Kevin Pudliner – Concurrent Technologies Corp.
He can, however, say they’ve played crucial roles in assisting the U.S. Department of Defense and intelligence agencies analyze data by developing algorithms that can also detect malware attacks.
Pudliner and his team also developed algorithms that help health care providers decide whether a COVID-19 patient should be placed on a ventilator.
CTC’s 501(c)(3) nonprofit status is particularly satisfying for Pudliner because the company’s profits go back into R&D, training, facilities improvements and purchasing more technology. Also, being a nonprofit means CTC’s R&D and solutions aren’t encumbered by a responsibility to shareholders.
“I enjoy being part of CTC because we’re staying on the cutting edge of technology,” he says. “CTC has so many different projects where we solve a clients’ hardest technology challenges, so I’ve been able to stay on the front edge.”
A growing ‘family’
CTC was founded in Johnstown, Pennsylvania, in 1987 as Metalworking Technology Inc., a subsidiary of University of Pittsburgh Trust, to operate the National Center for Excellence in Metalworking Technology. The Center quickly became a supplier of advanced metalworking technology and solutions for the U.S. Navy.
The organization began growing and expanding beyond metalworking technology, and in 1992, changed its name to Concurrent Technologies Corp. to reflect its capabilities. It’s no longer part of the University of Pittsburgh Trust and has added offices in Alabama, Maryland and Virginia. CTC employees also work on-site with clients throughout the U.S.
Pudliner says CTC uses the development, security and operations (or DevSecOps) model for software and infrastructure solutions. He says DevSecOps integrates security at every phase of the software development lifecycle, addressing issues as they emerge rather than at the end of the process, saving time and resources. The company also provides edge node architecture and deployment as well as cloud architecture.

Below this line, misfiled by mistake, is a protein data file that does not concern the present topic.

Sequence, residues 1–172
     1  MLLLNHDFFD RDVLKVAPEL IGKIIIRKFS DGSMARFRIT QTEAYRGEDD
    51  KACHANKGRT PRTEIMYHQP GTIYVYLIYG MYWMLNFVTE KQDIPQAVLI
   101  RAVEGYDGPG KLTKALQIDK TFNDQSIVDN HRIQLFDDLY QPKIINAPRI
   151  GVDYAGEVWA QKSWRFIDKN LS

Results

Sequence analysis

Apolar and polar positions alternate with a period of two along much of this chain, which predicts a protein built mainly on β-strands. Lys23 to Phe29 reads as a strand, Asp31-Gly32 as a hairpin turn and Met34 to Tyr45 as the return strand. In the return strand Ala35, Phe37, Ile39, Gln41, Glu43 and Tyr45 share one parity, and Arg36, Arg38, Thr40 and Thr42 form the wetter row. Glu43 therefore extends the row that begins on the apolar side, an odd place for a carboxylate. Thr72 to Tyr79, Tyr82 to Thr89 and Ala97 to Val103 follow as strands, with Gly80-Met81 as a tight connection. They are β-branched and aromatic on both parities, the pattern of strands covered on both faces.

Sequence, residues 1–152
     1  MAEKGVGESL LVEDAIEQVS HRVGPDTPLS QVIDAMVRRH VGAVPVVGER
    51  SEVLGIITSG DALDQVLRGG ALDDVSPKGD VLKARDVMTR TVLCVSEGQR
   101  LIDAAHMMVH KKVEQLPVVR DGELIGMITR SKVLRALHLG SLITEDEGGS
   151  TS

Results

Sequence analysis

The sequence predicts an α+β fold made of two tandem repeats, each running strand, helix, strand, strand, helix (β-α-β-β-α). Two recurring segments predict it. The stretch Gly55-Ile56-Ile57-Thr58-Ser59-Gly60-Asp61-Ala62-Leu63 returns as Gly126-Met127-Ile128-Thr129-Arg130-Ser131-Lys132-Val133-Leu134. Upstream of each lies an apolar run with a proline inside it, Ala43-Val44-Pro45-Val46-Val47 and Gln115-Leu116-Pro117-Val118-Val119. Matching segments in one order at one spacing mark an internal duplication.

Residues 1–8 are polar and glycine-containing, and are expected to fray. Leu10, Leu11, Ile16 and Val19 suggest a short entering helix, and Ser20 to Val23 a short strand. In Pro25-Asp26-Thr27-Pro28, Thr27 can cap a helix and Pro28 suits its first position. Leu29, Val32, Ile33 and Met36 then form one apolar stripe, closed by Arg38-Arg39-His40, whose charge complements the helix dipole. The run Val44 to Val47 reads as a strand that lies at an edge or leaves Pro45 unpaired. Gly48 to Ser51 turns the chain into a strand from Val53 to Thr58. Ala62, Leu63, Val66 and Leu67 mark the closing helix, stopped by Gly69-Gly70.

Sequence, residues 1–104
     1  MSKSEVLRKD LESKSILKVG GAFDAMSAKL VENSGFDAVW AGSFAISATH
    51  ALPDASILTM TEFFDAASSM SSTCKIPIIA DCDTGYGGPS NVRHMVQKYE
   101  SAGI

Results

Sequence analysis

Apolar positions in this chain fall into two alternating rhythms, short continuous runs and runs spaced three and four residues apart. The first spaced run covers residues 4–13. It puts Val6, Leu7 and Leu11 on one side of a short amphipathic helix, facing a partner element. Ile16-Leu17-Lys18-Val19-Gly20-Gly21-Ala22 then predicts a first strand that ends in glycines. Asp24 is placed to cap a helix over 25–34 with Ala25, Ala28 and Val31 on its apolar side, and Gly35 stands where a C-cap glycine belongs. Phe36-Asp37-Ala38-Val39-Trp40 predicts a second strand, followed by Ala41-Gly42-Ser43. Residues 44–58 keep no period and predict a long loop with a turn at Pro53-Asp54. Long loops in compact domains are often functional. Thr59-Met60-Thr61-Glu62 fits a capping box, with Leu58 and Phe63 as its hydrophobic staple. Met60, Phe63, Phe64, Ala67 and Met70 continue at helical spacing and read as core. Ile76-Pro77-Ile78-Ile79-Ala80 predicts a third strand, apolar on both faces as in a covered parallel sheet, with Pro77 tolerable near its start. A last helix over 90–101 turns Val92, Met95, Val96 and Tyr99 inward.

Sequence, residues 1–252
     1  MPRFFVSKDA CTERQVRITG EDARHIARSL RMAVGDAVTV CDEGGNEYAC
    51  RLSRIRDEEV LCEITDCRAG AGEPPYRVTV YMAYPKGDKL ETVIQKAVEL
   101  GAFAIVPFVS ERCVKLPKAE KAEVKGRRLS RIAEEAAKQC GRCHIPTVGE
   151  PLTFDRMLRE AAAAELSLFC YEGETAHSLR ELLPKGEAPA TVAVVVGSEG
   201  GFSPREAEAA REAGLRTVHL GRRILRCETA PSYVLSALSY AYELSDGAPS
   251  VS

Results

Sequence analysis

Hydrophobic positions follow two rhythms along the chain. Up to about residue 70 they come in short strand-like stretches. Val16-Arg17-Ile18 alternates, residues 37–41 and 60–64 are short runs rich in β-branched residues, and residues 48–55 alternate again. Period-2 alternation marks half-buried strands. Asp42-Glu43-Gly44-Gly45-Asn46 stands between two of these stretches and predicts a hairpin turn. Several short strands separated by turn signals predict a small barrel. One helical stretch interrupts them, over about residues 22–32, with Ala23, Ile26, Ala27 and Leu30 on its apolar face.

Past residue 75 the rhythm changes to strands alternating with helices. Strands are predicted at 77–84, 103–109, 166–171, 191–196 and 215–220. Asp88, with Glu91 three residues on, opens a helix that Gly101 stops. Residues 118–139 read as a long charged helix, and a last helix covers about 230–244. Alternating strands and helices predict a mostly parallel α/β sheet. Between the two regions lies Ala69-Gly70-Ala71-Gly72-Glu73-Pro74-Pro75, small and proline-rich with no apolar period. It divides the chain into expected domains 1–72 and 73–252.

“Even though we might be in different locations, we work well together. It’s like a family here,” he says. “And we’re always focused on our clients’ needs. We have plenty of opportunities to apply technology for the good of the country.”
Using internal research and development, or IRAD, funds, Pudliner’s team created artificial intelligence and machine learning to detect malware that can alter or destroy information and imagery used by intelligence agencies. They did so by feeding malware and non-malware codes into an algorithm, then quizzing it to see if it’s able to detect them, he explains.
CTC also interprets data and algorithms so its clients get a clear understanding of what threats they may face and what courses of action will best address the threats. The IRAD-funded work can also attack the attackers in what Pudliner calls “ethical hacking.”
“We want to prevent anyone from changing algorithms, so we look at how people might attack,” he adds. “We’re able to let our clients know, by a percentage, how confident they are that something is malware or not.”